There are no new stocks I can add to my SIF folio this week. So instead I’ve decided to take a look at an interesting deal that’s due to complete later this quarter.

The planned merger between accident management firm Redde (LON: REDD) and van hire business Northgate (LON: NTG) was a big surprise to me. I couldn’t really understand the logic behind this combination.

The only obvious thing I could see that linked the firms was their chairman. Avril Palmer-Baunack was chair of Redde until the end of July 2019. Ms Palmer-Baunack then took over as Northgate chair on 12 August. On 29 November, the merger was announced.

Winners & losers?

My instinctive view is that Northgate shareholders are getting the worse half of this deal. Although the firm faces cyclical headwinds and some company-specific issues, fundamentally I think it’s an attractive business.

Former chief executive, Kevin Bradshaw, had been MD of Avis Europe for five years, so had experience in this sector. He was guiding Northgate through a turnaround programme aimed at maximising return on capital employed. This was (slowly) starting to deliver positive results, in my opinion. However, Mr Bradshaw wasn’t part of the merger plan, or perhaps didn’t agree with it - he stepped down with immediate effect when the merger was announced.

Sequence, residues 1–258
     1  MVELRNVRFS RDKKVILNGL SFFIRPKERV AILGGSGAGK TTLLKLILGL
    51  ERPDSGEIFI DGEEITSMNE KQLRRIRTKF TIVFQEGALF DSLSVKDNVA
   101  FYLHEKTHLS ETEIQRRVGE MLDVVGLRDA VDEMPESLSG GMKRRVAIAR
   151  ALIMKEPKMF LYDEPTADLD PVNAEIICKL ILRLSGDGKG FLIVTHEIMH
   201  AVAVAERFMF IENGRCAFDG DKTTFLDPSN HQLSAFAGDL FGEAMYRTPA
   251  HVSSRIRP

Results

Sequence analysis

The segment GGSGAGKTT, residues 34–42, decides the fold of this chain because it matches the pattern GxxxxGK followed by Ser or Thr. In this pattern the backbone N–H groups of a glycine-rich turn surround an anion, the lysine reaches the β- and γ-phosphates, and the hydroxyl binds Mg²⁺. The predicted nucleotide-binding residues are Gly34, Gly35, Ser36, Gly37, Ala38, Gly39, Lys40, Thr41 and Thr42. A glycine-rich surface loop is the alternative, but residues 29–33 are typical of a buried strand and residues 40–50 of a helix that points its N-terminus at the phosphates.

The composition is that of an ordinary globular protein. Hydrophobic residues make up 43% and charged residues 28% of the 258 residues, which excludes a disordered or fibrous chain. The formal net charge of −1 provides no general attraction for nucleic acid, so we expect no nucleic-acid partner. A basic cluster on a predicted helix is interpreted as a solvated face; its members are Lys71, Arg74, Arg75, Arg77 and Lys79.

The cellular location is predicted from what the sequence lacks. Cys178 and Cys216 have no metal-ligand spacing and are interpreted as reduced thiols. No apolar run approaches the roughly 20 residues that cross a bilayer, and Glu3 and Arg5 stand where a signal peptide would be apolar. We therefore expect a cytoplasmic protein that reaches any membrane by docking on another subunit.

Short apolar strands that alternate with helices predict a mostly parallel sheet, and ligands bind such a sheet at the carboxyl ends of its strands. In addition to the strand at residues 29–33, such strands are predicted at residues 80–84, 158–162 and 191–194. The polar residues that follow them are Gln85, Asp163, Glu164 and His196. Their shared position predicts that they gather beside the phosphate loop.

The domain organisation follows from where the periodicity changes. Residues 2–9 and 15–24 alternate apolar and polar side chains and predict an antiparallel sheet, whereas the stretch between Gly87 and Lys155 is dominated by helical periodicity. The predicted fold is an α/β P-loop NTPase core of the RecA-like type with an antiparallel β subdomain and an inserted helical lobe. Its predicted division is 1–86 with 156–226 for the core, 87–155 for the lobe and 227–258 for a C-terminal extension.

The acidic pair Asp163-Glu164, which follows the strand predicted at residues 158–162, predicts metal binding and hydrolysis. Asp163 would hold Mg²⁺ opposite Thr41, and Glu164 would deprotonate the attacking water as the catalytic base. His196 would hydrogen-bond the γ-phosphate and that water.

In contrast, Redde has delivered attractive shareholder returns since 2012, but is now facing a weaker outlook. Profit forecasts were cut in March last year, after a cautious set of interim results. Another earnings downgrade followed soon after, thanks to the loss of a major contract.

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Regulatory change is also a permanent risk for companies such as Redde, which rely on income from personal injury claims. New rules on such payouts are due to come into force in April 2020. Is it a coincidence that this merger has been proposed just at this time? I note that Redde’s smaller rival NAHL has just issued a profit warning for 2020 and suspended its dividend.

I admit that my sceptical view on this deal is highly subjective and possibly mistaken. So I decided to take a fresh look at the proposed merger, using a quantitative approach. My aim was to try and…

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